A MAN with a life-long passion for bees has been honoured for an incredible 80 years of dedication to beekeeping. Ashley Barnard reports.

GEORGE Birks was introduced to bee farming by his uncle in the late 1920s.

That early interest sparked an enduring fascination with bees and led him to become the chairman of beekeeping associations up and down the country.

Now 92, Mr Birks, who is originally from Hartlepool but now lives in Arkengarthdale, near Reeth in Upper Swaledale, has been honoured for his work by friends and colleagues.

At an event attended by current chairmen of Richmond and Beverley Beekeeping Associations and the secretary of the Yorkshire Beekeeping Association, he was presented with a certificate celebrating his 80 years of beekeeping.

"I started when I was ten-years-old or younger - I grew up with them," he said.

"But when I was 12 I became a founder member of the Hartlepool Boys High School Boy Scouts group and gained my bee farming badge."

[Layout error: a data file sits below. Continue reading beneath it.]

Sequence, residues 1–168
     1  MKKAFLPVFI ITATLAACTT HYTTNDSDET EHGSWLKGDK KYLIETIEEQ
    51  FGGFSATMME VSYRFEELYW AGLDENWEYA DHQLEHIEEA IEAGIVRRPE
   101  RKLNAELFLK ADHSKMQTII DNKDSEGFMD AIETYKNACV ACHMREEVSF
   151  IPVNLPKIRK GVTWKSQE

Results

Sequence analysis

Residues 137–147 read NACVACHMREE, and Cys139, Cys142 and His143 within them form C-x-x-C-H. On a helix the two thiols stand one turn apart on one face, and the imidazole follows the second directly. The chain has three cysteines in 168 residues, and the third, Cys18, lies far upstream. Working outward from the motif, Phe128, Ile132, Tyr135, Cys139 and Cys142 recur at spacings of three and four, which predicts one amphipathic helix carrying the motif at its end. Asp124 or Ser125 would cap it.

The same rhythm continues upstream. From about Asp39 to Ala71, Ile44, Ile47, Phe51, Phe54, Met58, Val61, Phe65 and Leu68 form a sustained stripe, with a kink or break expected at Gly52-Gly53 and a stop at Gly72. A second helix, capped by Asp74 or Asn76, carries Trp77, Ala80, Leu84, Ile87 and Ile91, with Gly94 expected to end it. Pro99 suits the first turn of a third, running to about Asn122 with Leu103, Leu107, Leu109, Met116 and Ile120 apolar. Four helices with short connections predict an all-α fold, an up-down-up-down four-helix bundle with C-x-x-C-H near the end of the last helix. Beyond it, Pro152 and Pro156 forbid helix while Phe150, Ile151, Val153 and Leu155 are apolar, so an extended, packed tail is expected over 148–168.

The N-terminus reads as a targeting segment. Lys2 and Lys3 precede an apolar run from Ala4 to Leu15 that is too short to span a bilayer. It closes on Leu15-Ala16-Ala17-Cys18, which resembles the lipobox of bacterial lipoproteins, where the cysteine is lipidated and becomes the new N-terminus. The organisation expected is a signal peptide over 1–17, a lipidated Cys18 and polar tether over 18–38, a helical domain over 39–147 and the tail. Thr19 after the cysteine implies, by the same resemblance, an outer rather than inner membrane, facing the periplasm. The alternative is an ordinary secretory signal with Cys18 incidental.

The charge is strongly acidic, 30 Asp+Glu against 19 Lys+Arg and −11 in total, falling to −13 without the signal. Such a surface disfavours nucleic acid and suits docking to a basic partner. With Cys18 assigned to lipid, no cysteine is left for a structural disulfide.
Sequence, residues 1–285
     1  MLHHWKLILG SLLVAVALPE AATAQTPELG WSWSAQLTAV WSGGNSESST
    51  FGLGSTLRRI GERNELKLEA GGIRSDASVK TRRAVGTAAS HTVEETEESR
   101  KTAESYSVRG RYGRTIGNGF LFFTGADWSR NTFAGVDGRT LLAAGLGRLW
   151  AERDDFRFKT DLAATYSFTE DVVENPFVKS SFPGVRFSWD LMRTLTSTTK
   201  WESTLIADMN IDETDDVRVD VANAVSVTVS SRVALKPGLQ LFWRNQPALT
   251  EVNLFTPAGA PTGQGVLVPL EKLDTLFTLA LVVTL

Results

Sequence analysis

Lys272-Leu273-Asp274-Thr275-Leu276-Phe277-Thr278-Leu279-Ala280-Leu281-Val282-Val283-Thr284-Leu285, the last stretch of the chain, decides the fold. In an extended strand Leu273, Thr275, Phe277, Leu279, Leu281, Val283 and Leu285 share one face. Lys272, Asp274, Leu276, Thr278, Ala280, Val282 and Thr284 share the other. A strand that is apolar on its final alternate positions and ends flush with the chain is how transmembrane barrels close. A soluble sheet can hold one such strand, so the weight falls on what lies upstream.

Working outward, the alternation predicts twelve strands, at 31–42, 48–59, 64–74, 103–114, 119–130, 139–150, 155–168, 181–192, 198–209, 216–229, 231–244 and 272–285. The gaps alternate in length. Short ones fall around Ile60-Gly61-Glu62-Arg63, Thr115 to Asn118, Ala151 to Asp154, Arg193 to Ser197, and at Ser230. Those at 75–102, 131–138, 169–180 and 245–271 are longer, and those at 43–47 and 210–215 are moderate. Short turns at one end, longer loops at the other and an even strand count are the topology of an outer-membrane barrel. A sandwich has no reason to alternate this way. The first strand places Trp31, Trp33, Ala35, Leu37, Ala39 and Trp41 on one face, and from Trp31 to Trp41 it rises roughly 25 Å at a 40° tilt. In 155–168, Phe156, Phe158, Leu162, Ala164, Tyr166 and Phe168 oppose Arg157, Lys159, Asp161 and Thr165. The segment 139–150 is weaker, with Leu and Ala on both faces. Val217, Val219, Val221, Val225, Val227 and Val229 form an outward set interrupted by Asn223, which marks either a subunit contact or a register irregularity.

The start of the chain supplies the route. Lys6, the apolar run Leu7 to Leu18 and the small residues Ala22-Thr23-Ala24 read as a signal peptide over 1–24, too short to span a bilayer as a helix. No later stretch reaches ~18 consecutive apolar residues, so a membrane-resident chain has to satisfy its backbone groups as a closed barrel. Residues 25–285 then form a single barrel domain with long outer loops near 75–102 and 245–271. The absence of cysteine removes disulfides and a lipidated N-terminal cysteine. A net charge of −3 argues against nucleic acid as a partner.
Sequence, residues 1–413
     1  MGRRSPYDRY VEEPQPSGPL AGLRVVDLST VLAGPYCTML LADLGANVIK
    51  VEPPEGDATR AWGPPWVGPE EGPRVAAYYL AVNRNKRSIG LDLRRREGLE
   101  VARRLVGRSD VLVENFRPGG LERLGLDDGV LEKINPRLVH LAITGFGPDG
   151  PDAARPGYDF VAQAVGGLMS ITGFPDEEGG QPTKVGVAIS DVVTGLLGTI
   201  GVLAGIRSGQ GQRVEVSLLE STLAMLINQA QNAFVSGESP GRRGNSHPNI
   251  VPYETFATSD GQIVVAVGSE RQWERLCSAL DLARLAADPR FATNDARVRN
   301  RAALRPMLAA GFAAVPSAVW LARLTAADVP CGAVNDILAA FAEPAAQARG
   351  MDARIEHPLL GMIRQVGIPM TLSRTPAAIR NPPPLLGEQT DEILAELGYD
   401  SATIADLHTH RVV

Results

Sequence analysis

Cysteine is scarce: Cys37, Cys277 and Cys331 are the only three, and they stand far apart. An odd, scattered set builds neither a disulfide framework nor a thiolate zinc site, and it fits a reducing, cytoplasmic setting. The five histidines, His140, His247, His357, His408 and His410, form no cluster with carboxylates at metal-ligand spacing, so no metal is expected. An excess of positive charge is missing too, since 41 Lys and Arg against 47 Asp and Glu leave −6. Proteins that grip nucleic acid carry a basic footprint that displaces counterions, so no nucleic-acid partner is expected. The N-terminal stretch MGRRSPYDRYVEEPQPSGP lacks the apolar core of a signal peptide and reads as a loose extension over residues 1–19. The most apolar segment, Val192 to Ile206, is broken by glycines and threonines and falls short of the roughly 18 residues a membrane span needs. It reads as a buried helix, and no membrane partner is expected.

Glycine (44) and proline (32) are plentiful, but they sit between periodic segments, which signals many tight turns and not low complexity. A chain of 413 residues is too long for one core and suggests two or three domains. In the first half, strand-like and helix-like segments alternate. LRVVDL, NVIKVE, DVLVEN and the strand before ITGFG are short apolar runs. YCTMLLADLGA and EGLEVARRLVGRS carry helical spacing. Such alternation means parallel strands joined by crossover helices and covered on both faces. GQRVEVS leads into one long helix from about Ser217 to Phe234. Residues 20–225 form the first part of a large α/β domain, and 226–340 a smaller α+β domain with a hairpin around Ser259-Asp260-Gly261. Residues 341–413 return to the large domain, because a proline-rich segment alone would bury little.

Mr Birks, who kept thousands of bees at any one time, moved around the country in his job at Midland Bank, and he joined and chaired many local associations including Yorkshire, Beverley, Cottingham, Alnwick, Harrogate and finally Richmond.

While a member of Harrogate Beekeeping Association, Mr Birks' hives contracted American Foulbrood - a disease which attacks the larvae in the hive and can only be stopped by burning the entire colony.

He said: "It was terrible - very distressing to see all your hives, bees and everything that goes with it to be burnt like that."

Although he enjoys honey, Mr Birks said this was just an interesting by-product of keeping the bees rather than the reason to have them.

He said: "I enjoyed handling them and manipulating them. I would wear a full veil because a bee sting on your face can be very serious, but I never wore heavy boots, gloves or anything on my arms.

"I think if you are all covered up you will not be as careful when you handle them so they will not be as calm for you.

"Of course I got a few stings - I had a tool I used to pull the stings out because if you just squeeze the end you release all the poison."

He said he was forced to give up beekeeping in his 80s because his knees were no longer strong enough for him to work on his hives - work he misses every day.

And amid international warnings about the decline in honey bee populations putting pressure on the already fragile food chain, Mr Birks said: "Bees are fascinating things - and they are so important. Almost everything we eat is dependent on bees to pollinate the crops.

"If honey bees were to die out I don't know what would happen to the human population."